However, Croke does not underplay the difficulties that are facing aircraft leasing companies. “Until such time as there is a meaningful recovery in air traffic, challenges will remain. COVID-19 will result in a negative impact on asset values and we have seen impairments push leasing companies into loss positions in their publicly announced Q3 results. While airline bankruptcies have been limited, this situation is heavily dependent on continued government support. We have seen our clients put a huge focus on liquidity since the outset of the pandemic and that will be critical in allowing them to manage this crisis.”
KPMG’s aviation finance team have had a very busy year said O’Mara. “Last year, our main focus was on helping clients close significant transactions, whether it was large capital markets deals, M&A activity or establishing new platforms. This year, it has been helping them navigate the challenges of their fleet being grounded or assisting them with significant fund raising, all while predominately working from home. The resilience of both our own team and that of our clients has been incredibly impressive”.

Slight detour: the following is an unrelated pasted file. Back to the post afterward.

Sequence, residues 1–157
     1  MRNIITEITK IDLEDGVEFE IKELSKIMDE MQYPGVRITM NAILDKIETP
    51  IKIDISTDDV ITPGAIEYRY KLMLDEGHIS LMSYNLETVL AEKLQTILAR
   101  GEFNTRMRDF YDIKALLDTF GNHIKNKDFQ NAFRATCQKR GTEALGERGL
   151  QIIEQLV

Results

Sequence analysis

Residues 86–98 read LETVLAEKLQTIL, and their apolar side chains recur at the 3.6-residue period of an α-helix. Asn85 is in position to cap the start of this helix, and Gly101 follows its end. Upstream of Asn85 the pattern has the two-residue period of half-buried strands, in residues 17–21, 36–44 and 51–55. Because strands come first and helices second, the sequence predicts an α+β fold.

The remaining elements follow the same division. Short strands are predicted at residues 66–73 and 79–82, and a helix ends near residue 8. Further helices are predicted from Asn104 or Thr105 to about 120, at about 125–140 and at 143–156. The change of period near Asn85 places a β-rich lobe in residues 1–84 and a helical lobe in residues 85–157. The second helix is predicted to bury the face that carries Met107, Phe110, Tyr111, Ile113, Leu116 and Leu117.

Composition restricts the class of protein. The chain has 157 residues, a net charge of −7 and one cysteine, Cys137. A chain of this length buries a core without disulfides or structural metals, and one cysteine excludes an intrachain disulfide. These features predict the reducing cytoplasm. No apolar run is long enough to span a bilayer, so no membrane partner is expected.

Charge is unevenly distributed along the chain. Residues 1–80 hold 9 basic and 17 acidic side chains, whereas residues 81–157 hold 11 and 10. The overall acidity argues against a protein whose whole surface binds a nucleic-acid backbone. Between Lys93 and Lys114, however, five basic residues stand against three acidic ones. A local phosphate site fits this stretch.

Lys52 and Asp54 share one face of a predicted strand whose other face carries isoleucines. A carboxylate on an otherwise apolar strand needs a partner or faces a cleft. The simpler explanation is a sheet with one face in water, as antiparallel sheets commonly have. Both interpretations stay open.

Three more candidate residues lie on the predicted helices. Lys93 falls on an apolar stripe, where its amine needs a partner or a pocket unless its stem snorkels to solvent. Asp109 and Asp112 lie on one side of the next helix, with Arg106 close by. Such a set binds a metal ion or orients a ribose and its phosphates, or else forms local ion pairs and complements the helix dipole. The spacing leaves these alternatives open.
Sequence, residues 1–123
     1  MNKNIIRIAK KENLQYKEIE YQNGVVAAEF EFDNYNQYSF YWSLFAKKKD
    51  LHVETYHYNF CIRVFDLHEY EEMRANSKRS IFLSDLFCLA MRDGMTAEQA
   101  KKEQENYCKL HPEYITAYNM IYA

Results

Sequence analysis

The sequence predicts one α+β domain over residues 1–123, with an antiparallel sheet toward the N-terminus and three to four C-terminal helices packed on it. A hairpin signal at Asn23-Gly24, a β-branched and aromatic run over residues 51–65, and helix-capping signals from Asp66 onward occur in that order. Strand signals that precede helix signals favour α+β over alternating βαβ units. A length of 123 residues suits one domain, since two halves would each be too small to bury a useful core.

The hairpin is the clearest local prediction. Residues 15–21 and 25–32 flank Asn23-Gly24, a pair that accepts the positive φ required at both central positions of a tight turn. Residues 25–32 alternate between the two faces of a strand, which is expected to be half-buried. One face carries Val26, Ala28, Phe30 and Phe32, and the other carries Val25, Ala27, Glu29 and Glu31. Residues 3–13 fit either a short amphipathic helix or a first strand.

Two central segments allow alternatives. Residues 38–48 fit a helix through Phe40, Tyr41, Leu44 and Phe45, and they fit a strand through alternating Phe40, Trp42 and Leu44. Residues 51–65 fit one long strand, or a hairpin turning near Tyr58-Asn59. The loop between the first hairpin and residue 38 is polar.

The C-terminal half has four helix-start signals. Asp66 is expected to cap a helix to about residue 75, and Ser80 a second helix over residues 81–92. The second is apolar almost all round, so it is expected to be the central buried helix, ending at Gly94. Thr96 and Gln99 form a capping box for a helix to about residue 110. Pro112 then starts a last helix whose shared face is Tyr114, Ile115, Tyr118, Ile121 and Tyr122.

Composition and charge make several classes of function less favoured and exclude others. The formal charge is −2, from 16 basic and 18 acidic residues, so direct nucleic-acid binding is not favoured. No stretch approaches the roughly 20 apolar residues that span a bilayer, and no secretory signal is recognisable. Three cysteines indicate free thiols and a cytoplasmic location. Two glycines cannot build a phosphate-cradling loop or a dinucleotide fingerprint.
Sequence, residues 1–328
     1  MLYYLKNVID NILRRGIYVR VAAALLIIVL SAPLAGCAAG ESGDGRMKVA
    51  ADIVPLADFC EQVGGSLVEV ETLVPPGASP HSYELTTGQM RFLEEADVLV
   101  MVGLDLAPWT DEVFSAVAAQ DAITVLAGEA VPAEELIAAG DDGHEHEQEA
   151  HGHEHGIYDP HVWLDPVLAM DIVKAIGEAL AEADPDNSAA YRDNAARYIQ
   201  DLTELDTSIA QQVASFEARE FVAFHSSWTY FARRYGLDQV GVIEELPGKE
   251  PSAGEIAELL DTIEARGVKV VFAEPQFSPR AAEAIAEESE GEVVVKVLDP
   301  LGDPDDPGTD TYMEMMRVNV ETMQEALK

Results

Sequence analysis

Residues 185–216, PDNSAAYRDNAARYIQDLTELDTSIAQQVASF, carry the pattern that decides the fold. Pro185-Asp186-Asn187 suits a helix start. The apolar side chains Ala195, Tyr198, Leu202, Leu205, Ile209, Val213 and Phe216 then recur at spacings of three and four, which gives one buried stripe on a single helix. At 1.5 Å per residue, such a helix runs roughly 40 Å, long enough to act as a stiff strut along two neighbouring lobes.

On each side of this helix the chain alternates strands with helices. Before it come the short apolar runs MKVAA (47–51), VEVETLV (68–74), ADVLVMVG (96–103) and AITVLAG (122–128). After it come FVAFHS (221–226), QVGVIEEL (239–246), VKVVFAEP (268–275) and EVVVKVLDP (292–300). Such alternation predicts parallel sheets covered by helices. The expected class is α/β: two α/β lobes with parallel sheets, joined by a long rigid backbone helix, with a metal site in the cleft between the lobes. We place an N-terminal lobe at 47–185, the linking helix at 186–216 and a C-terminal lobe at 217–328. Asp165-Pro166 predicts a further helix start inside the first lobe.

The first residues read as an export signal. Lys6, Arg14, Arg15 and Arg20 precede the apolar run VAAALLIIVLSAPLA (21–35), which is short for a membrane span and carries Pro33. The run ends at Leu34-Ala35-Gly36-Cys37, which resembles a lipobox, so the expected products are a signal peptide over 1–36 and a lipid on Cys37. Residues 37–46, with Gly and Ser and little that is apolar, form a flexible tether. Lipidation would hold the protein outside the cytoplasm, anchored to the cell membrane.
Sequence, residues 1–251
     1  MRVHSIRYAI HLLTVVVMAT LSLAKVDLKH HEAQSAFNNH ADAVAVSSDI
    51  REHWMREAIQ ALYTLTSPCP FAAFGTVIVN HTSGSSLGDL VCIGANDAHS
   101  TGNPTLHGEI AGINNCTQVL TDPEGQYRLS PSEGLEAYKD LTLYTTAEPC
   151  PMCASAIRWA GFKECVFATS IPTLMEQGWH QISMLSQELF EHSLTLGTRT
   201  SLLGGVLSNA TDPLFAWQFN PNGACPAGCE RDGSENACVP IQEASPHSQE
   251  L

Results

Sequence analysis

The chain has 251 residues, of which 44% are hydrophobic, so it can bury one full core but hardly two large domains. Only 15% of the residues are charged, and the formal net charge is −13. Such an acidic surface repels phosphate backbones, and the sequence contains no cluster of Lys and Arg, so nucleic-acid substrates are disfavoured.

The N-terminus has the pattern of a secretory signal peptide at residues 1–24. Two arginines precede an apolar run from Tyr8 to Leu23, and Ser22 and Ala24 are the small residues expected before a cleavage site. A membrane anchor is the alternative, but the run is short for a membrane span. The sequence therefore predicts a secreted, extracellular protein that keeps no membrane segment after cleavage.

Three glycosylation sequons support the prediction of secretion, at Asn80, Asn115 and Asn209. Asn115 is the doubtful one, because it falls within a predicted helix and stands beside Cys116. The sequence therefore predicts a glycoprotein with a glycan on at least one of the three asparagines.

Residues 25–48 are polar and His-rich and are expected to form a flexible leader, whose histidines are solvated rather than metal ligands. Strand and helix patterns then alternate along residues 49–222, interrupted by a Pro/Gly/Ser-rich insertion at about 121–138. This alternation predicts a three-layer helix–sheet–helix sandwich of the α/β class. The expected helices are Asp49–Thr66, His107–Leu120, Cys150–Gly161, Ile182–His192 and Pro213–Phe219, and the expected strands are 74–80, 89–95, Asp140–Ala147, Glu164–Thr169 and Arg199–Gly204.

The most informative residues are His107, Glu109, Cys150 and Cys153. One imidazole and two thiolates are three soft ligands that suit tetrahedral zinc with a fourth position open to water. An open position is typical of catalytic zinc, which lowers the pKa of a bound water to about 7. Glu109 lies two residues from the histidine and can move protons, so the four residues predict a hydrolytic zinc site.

COVID-19 is causing the greatest disruption that aviation has ever seen. However, it has always been a cyclical sector and it will recover. The key question is how long that recovery will take.
While it’s clear that the aviation sector has been negatively impacted by the pandemic, there remains significant investor interest in aviation finance. Kieran O’Brien, who leads KPMG’s advisory team, has spent much of the last few months talking to investors who are trying to decipher the best time to deploy their capital. “Distress drives opportunity. While it is clear there will be financial losses for many as a result of the pandemic, those that invest at the right time in the cycle could see real returns. We have seen heightened interest in the sector, both from traditional and non-traditional sources of finance. The big decision is when to cut what will be a sizeable cheque. Determining relative value and securing bank debt is challenging in this market. But some parties will end up with first mover advantage and it will be interesting to see how that develops over the coming months. We are expecting a lot of activity.”